If you base the chances of landing on a part of the coin on its surface area, it is a very small amount of area on the edge.

When compared to the area of the sides of the coin, the side is much smaller. it is connected to the surface of the table, I assume, by not quite a tangent, but very close, it would have to rest on two ridges on the side of the coin (which are very close together).

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No I wouldn't be dumb enough to jump the first time :lol:.

I say the second part belongs in the riddle forum, because you are expecting us to "assume" certain situations. I get where you were going with it, but this forum is for logical/math problems. The information given is what we as posters go off. So if you want assumtions, then I say everyone is wrong with the answer to the first part, if you flip heads that many times in a row, I assume you have a trick coin, or you have the double-headed coin. So its obviously 100%. :P

No offense with my earlier post. ;)

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(Hope this hasn't been done before)

1. There are 10 coins on a table. 9 are normal but 1 of them has 2 heads on it (i.e. will always land on heads). Without looking you pick one at random and flip it 8 times. It lands on heads each time. What is the probability of it landing on heads the next time?

Bonus question: (UNRELATED TO THE FIRST ONE) You flip a coin 20 times and it lands on tails each time. What is more likely for it to land on next, heads or tails?

for the coin probability problem answer will be 521/5120 :):)

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(Hope this hasn't been done before)

1. There are 10 coins on a table. 9 are normal but 1 of them has 2 heads on it (i.e. will always land on heads). Without looking you pick one at random and flip it 8 times. It lands on heads each time. What is the probability of it landing on heads the next time?

Bonus question: (UNRELATED TO THE FIRST ONE) You flip a coin 20 times and it lands on tails each time. What is more likely for it to land on next, heads or tails?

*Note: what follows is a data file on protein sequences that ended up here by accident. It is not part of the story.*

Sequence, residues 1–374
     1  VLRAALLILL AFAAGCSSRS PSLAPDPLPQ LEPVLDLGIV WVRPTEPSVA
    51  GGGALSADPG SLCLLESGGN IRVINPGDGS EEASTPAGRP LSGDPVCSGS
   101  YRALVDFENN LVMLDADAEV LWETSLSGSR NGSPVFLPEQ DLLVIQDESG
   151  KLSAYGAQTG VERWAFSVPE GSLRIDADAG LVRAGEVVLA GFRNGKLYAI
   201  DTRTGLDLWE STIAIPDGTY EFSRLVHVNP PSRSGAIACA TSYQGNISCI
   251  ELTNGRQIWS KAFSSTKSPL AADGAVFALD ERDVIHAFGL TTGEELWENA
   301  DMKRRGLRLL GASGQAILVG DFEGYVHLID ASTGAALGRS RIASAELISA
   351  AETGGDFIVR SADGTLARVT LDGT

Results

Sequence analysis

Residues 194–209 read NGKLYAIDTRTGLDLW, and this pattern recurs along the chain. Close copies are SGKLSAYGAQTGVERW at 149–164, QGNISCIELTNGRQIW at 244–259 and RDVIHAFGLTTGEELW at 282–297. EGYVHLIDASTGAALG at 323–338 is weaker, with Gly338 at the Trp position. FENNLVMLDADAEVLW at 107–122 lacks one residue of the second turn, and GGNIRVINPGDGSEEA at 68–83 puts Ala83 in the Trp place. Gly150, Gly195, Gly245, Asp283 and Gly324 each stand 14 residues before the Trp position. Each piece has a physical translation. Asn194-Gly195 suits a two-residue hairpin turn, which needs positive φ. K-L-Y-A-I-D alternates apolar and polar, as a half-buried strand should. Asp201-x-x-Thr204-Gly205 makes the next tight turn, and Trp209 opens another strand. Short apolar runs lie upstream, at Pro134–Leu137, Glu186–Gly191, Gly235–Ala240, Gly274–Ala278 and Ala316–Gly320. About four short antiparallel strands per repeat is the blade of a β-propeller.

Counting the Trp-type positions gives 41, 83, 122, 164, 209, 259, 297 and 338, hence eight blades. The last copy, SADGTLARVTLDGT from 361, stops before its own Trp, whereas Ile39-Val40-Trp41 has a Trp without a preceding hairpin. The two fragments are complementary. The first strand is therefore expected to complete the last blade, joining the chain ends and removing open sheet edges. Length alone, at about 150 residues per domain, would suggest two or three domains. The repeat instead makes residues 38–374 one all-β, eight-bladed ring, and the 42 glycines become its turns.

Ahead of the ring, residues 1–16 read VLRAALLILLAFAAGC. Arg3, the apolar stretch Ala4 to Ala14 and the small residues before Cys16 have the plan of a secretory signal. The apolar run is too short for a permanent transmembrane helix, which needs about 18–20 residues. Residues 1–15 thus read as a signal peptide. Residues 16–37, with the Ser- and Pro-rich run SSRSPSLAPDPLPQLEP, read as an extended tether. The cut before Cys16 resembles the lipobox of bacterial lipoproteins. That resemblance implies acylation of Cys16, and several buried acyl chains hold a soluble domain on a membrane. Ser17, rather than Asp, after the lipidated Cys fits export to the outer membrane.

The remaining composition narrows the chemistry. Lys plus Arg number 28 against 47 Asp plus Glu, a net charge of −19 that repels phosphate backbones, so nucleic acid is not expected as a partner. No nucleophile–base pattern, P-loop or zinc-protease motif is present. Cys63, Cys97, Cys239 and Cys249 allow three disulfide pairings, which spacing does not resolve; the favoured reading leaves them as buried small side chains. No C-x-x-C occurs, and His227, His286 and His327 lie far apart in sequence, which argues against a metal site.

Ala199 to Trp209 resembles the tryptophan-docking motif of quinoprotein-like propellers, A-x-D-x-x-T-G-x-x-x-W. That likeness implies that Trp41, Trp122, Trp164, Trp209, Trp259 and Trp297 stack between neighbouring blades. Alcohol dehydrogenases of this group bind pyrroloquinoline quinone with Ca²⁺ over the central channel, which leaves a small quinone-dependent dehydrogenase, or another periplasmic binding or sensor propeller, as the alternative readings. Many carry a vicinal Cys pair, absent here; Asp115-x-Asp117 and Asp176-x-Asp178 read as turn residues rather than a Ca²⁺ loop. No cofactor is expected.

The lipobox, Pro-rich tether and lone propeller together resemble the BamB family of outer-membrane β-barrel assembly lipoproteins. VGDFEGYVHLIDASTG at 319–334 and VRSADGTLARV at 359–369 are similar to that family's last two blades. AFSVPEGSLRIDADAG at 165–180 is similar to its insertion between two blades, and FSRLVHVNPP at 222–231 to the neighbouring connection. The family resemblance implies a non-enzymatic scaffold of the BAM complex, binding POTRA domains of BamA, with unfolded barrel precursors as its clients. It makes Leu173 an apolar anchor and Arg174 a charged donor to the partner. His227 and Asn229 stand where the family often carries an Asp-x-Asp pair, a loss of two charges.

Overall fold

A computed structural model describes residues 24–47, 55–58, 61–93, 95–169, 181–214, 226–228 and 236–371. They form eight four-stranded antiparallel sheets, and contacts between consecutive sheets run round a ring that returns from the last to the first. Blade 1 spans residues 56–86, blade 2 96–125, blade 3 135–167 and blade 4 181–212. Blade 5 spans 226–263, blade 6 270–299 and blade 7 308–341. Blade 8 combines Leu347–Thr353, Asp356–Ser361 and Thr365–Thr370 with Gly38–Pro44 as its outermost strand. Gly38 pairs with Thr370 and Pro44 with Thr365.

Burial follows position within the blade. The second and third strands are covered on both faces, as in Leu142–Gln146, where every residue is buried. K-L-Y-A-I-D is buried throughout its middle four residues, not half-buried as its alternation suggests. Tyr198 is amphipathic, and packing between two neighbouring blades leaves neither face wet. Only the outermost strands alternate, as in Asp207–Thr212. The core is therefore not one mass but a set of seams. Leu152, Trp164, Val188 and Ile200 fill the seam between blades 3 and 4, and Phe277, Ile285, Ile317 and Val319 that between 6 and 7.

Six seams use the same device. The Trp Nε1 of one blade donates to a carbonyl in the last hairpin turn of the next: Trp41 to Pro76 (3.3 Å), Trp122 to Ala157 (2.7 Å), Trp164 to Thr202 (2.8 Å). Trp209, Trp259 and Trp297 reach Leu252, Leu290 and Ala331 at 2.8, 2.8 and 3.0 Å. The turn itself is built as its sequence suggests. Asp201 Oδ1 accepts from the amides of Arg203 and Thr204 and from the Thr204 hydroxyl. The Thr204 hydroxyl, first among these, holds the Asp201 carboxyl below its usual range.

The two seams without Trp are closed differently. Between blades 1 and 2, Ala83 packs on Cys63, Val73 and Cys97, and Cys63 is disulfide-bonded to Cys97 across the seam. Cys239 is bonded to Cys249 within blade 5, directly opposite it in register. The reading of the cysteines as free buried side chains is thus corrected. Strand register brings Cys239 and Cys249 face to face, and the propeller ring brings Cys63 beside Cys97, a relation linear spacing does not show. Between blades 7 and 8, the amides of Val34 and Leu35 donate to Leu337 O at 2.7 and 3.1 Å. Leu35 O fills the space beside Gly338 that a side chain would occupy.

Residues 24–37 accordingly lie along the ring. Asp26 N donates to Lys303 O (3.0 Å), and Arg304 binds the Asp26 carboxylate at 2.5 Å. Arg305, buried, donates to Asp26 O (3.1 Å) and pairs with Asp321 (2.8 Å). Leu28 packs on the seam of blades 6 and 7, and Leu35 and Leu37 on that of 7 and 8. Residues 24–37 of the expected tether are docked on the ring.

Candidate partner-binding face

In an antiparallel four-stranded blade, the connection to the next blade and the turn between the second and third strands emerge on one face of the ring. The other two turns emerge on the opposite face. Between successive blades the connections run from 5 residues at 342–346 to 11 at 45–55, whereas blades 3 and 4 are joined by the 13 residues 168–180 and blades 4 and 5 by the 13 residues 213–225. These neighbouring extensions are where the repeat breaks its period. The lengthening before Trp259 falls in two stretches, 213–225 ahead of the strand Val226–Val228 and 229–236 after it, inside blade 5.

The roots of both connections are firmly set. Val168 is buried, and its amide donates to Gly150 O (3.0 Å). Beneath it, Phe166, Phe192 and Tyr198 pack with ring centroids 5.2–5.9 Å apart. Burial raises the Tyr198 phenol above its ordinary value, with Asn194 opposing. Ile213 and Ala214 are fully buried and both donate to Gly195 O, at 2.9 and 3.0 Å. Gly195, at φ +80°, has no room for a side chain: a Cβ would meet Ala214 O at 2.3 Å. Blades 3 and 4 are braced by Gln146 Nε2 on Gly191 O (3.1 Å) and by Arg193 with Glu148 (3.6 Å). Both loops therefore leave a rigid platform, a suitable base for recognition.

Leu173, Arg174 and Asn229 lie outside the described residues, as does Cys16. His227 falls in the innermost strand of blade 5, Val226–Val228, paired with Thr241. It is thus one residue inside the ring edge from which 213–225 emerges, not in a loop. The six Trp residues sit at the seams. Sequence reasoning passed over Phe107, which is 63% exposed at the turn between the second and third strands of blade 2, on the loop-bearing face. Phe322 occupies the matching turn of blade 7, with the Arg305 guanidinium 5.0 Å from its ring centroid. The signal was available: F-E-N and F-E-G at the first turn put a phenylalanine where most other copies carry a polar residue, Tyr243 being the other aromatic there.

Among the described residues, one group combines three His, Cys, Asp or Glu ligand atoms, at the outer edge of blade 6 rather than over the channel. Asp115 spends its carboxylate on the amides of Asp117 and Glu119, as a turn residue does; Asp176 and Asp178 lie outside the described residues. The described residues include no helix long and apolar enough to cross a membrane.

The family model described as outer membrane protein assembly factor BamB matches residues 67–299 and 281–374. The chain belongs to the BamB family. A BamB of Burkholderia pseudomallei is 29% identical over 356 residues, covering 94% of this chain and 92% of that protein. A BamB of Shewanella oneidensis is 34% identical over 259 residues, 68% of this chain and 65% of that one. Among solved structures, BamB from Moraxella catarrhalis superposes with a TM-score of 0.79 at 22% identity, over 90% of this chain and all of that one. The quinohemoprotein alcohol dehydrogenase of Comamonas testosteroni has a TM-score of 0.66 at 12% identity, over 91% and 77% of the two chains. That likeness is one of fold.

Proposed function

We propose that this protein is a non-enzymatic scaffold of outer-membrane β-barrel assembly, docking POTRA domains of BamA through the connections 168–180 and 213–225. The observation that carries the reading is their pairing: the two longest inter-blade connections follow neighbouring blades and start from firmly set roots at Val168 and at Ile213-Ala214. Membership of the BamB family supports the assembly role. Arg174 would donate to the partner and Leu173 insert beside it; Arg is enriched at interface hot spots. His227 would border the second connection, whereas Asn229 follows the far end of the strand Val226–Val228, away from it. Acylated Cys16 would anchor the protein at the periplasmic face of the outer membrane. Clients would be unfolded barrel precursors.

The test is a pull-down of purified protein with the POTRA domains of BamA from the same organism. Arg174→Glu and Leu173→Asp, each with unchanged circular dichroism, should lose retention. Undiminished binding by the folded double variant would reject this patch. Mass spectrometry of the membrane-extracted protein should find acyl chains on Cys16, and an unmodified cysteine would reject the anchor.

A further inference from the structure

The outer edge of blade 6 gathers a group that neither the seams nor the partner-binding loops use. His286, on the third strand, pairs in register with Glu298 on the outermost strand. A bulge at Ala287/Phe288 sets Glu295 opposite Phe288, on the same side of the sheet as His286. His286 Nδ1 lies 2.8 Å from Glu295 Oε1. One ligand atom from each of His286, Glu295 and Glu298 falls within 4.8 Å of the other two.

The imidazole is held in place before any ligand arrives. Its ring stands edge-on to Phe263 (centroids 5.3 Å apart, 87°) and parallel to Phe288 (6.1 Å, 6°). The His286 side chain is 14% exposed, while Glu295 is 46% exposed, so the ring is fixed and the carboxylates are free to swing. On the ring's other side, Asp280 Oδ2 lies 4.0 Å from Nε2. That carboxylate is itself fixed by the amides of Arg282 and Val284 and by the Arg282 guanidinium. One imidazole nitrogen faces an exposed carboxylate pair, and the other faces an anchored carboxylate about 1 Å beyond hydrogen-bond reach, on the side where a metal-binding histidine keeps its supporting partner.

This is an interesting thread, and as some people pointed out, many of you are suffering from the "gambler's fallacy". In short, the prior history does not change the current probablity.

The bonus question is clearly 50% with allowances for the edge landing and slight variations in weight.

However, the first question is deceptively clever, but the gambler's fallacy still is in play. The prior history of 8 heads changes nothing! It only gives us a probablity that the coin is the fake coin, but it does not provide certainty. IE: while the coin is "highly likely" to be the double heads coin, it is in not "certain" that the coin is the double heads coin.

As such, we can not change the initial probablity: we have 10 coins, therefore we have 20 sides. 9 sides are tails and 11 sides are heads. You have an 11 out of 20 chance to flip heads. No matter how many times you flipped heads previously. 11/20 = 55%

PS you should all watch/read Rosencrantz and Guildenstern are Dead.

PSS sorry, but the spoiler button is not working for me. :huh:

Edited by theharangue

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Ok, the odds of flipping heads again on the 9th try is equal to:

the probability that you picked a regular coin and flip 9 heads in a row,

PLUS

the probability that you picked the two headed coin and flip 9 heads in a row,

this is because these are the only two ways to achieve nine straight heads according to the parameters of the ridle.

probability of picking normal coin = .9

probability of flipping 9 heads in a row with normal coin = .00195

probability of picking normal coin and then flipping nine straight heads = .9 *.00195 = .00176

PLUS

probability of picking two headed coin = .1

probability of flipping nine heads on two headed coin = 1

probability of picking two headed coin and then flipping 9 straight heads = .1*1 = .1

so, overall probability that the next flip is heads = .100176

as for the bonus, each flip is independent and odds are 50/50

small calculation mistake....

.1+.00176=.10176 :):)

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im sorry if i didnt explain this well enough before but ill try again because i hate when people belittle others when they don't understand or know where they are. If the test was pick a coin randomly and flip it once then the chance of heads is 11/20 correct. if all the coins are equal and were told 8 heads whats next 50-50. but this isnt the case. There are 10 coins which u pick ranomly from think of it this way you have two guns. one always fires when the trigger is pulled, when one fires on average one out of 2 trigger pulls but randomly. you pick one of them not knowing which it is and pull the trigger. it fires. you think this is probably the gun that fires (66% chance your right) but u think let me try again. pull the trigger it fires. well im almost positive this is the gun that always fires but u know what i need to make sure. pull the trigger one more time. it fires. then someone walks up and bets you the gun wont fire another time in a row.

would you take the bet?

yes

now granted i wouldnt bet my life on it you got something like a 10% chance that its the wrong gun but still 90% win and if thats a gamblers fallacy then i think the casinos should find a new day job.

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by the way almost positive answers are

part 1 .9830188679

part 2 .5

if you want explanations chuck posted one, i posted one, and maybe someone else in the million posts (half mine sorry)

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(Hope this hasn't been done before)